Bilateral plantar fasciitis symptoms require ruling out systemic disorders such as Reiter's syndrome, ankylosing spondylitis, gouty arthropathy, and systemic lupus erythematosus. A high index of suspicion for a systemic disorder should accompany bilateral heel pain in a young male aged 15-35 years.
The classical presentation of plantar fasciitis include a gradual, insidious onset of inferomedial heel pain at the insertion of the plantar fascia. Pain and stiffness are worse with rising in the morning or after prolonged ambulation and may be exacerbated by climbing stairs or doing toe raises. It is rare for patients with plantar fasciitis not to have pain or stiffness with the first few steps in the morning or after prolonged rest.
Tenderness is present on the bottom of the heel, closer to the midline, and mild swelling and redness. There may be presence of nodule with in the fascia.
Active toe raise or passive dorsiflexion reproduce the symptoms.
Here are the steps patients should take as a part of Treatment For Plantar Fasciitis-
General principles of Treatment For Plantar Fasciitis
Acute stage Treatment For Plantar Fasciitis
Here are the steps patients should take as a part of Acute stage Treatment For Plantar Fasciitis-
1)Relative rest- Discontinue running and walking for exercise until asymptomatic for 6 weeks. Switch to low impact exercise like stationary bicycling, swimming, deep water running with an alpha belt. Weight loss and modification of hard surfaces (cement) to soft surfaces (grass or cinder).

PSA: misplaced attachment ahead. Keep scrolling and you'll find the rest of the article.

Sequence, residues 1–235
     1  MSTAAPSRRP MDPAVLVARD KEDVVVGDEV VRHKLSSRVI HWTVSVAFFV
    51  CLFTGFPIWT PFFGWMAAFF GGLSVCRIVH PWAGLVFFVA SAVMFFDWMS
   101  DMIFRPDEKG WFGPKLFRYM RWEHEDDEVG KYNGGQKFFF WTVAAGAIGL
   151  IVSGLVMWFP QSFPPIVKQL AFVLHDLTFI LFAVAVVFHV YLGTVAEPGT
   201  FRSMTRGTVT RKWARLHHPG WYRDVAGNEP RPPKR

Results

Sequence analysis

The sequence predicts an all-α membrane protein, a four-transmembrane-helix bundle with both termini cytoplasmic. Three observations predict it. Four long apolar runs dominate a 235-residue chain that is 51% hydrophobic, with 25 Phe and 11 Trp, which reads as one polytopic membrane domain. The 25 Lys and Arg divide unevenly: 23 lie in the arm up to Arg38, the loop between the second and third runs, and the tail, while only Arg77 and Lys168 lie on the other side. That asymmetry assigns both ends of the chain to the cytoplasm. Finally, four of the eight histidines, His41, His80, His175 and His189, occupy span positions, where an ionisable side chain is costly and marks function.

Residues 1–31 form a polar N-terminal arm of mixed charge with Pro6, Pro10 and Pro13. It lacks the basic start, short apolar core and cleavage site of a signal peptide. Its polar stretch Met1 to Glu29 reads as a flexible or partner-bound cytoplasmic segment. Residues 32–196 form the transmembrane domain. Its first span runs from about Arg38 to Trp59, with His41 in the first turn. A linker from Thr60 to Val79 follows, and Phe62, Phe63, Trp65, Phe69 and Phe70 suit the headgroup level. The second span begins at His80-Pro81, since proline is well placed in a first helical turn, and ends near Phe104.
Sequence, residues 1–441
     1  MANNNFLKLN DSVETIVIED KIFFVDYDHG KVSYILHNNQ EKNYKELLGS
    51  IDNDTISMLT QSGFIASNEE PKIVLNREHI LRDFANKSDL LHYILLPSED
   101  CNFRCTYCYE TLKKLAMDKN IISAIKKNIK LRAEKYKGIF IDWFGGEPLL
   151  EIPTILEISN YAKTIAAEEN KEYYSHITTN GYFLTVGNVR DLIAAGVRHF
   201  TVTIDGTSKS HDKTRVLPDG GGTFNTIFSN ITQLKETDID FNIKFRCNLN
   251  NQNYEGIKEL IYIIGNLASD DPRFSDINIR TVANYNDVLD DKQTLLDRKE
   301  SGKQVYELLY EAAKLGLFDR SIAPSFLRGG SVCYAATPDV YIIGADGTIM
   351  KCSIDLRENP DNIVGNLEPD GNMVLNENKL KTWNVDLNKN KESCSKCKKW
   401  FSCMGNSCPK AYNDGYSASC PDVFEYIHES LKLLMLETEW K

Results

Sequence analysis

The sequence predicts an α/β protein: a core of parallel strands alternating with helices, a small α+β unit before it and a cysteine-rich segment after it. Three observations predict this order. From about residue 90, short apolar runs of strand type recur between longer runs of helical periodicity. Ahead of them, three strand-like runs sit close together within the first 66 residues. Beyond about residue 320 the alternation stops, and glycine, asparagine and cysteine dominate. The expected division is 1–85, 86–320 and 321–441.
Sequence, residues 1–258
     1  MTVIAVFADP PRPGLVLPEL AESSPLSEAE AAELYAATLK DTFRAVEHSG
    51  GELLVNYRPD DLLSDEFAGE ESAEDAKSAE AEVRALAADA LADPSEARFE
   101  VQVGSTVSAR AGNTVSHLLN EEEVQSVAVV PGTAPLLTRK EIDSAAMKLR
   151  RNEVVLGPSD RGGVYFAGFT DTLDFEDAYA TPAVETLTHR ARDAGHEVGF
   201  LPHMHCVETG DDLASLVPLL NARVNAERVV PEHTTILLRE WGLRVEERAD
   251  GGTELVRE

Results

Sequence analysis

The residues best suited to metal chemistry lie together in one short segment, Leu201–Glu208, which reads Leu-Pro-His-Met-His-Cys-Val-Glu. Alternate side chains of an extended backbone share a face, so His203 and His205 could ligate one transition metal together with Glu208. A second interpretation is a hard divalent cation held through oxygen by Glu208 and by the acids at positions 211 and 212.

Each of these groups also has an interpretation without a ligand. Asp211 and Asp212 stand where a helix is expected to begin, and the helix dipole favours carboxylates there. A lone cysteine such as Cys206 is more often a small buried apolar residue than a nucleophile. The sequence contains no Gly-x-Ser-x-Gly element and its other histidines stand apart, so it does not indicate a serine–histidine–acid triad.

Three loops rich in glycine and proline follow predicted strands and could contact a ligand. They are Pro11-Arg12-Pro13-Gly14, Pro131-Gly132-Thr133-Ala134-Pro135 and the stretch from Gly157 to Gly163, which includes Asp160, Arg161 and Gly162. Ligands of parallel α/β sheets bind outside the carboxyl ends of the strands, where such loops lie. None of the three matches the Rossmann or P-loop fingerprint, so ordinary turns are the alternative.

2)Anti-inflammatories- Oral anti-inflammatories have variable results. A brief trial of a cyclooxygenase (COX-2) inhibitor is tried. If response is not dramatic, this therapy is discontinued because of the possible side effects.
3)Ice Massage- Ice on the area of inflammation for anti inflammatory effects. Use ice in a paper or Styroform cup (peeled away) for 5-7 minutes, make sure to avoid frost bite.
4)Low-dye Taping- Some patients obtain relief with low-dye taping, but from a practicality standpoint, daily taping is difficult to maintain.
5)Shoe wear Modification (Running shoes)- Flared, stable heel to help control heel stability. Firm heel counter to control the hindfoot. Soft cushioning of the heel,raising the heel 12-15 mm higher than the sole. Well molded achilles pad. Avoid rigid leather dress shoes that increase torque on the Achilles tendon.
6)Cushioned Heel Inserts in Treatment For Plantar Fasciitis- Viscoheels. Soft cushions placed in and out of whatever shoe the patient is wearing. Patient with abnormal biomechanics of the lower extremity, such as pes cavus or pes planus, may benefit from the eventual use of custom cushioned orthotics.
7)Plantar Fascia Stretching- Done 4-5 times a day, 5-10 repetitions. Done before first steps in the morning, before standing after long period of rest. This gives good result as Treatment For Plantar Fasciitis.
-Seated plantar fascia stretching- The patient sits with the affected leg bent at hip and knee and heel flat on the floor. The tops of the toes are gently bent upwards with the hand. With the ankle dorsiflexed, pull the toes toward the ankle. Hold the stretch in a sustained fashion for 30 seconds, repeat 5 times a day.The stretch should be felt at the plantar fascia.
-An alternate method is to kneel with the toes curled up under the feet (MTP joint extension) and heels off the floor. The buttocks are gently lowered to the heels until a mild tension is felt in the bottom of the feet. Hold for 30 seconds and repeat 5 times per session. Do not bounce.